Direct Mass Measurements of Neutron-Deficient Lanthanides for Nuclear Structure Studies at the Proton Dripline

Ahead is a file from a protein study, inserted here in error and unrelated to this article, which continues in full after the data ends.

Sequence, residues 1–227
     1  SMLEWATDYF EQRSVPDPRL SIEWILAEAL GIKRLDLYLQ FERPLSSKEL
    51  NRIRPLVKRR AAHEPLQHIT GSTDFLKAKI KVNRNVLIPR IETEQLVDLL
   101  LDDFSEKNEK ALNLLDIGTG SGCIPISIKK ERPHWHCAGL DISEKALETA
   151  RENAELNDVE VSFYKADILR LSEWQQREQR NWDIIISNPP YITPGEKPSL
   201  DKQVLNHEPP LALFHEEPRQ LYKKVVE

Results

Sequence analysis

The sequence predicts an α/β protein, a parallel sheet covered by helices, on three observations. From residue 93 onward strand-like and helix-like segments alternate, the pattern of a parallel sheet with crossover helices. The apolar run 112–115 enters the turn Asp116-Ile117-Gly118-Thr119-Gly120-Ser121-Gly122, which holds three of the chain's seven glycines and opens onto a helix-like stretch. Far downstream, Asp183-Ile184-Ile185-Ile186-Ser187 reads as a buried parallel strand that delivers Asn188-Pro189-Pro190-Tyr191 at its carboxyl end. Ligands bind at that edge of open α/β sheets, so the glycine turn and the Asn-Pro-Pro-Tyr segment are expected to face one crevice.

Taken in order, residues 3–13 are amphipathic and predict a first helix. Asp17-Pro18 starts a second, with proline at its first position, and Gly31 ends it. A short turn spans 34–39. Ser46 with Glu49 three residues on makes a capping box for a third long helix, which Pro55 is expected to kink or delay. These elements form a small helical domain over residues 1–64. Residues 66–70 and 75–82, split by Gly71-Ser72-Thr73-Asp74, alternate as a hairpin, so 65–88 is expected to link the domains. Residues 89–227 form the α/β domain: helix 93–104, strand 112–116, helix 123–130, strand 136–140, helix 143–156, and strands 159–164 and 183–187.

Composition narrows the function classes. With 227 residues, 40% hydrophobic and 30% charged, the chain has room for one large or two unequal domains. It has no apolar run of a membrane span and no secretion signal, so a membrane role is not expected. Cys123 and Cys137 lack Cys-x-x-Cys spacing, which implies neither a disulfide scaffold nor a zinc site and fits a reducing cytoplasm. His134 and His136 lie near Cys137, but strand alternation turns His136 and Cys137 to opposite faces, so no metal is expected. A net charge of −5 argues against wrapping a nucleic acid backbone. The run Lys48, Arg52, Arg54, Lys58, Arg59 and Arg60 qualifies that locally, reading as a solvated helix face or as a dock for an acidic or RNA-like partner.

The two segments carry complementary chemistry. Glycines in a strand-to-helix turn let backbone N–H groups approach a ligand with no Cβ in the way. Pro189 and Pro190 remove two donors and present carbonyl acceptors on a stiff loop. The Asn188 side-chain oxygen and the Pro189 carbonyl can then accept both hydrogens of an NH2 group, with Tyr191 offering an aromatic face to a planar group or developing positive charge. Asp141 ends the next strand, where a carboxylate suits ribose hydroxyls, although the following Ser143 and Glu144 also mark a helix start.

Experimental and theoretical studies of exotic nuclei, i.e., very short-lived nuclei far away from the valley of stability in the chart of nuclides, present a unique and important way to gain general understanding of the atomic nucleus and the governing interactions of its constituents. There is an intriguing interplay of strong, weak, and Coulomb ... interaction, yet the contributions from all fundamental forces (except gravitation) are integrated in the mass of a nucleus. This makes the mass one of its key properties, allowing to study nuclear structure and basic interactions. Studying exotic nuclei is challenging since they need to be produced first, they are short-lived (many of them have half-lives of only few seconds or even far below), they can only be produced in small quantities, and often the interesting ones are accompanied by a full zoo of other, less exotic and more abundantly produced nuclei. Therefore, powerful separation methods are needed to deal with huge amounts of non-interesting "by-products" and simultaneously obtain reliable results even for the few nuclei of interest. Moreover, the goal to extract information on basic interactions and nuclear structure requires high accuracies despite low statistics. In this work, improvements and measurements have been implemented and performed at two experiments at different accelerator facilities. In both experiments, a Multiple-Reflection Time-of-Flight Mass-Spectrometer (MR-TOF-MS), which has been build at Gießen University, is used. At the FRS Ion Catcher (FRS-IC) at GSI, Darmstadt, the improvements enabled unprecedented mass accuracies; at TRIUMF’s Ion Trap for Atomic and Nuclear sciences (TITAN) at TRIUMF, Vancouver, Canada, a novel method for mass separation was used to facilitate measurement with previously unknown nuclei. Within these measurements, a new isotope was discovered. This is the first discovery of a new isotope using a time-of-flight mass spectrometer. This demonstrates the advance of the frontier in mass measurements of exotic nuclei and the understanding of nuclear structure at the extremes. At the FRS-IC, several hardware and software elements have been upgraded. The new slow control system at the FRS-IC is running stable and ready to control, monitor and log existing and also various planned extensions of the detector setup. A procedure for systematically tuning the ion optics to unprecedented mass resolving powers R = m/∆m = 1 000 000 and beyond has been established. This enabled the measurement of several exotic nuclei with mass numbers around A = 70 close to the N = Z line. Among these measurements was the first direct mass measurements of 69-As, with only 10 events and with reduced uncertainty compared to the average of the previous indirect measurements. For one measued molecule, an accuracy of δm/m = 1.7 × 10e-8 was reached, which is the highest accuracy for MR-TOF-MS world-wide. The techniques applied at the FRS-IC have since been used at the TITAN MR-TOF-MS as well, also there leading to improved mass resolving powers. For TITAN, mass-selective re-trapping was characterized and for the first time used with exotic nuclei, enabling the direct measurement of 2 new and 2 improved ground state masses for neutron deficient Yb isotopes, the first measurement of the excitation energy of the Jπ = 11/2− isomeric state in 151-Yb and the indirect determination of 11 more ground state masses connected via α- and p-decays to two of the newly measured masses. The measurement of the mass of 150-Yb is at the same time the first discovery of a new isotope with an MR-TOF-MS. The direct ground state mass measurements of the Yb isotopes and the subsequent determination of masses of Lu isotopes have established the N = 82 neutron shell closure farthest from the valley of β-stability with unmodified shell gap; the shell structure far from the valley of stability is a key question of modern nuclear physics. The measurement of the Jπ = 11/2− isomeric state excitation energy extends a series of constant excitation energies in these odd N = 81 states, which could now be explained by deformation of the ground and isomeric states in collaboration with theorists employing state-of-the-art nuclear mean field.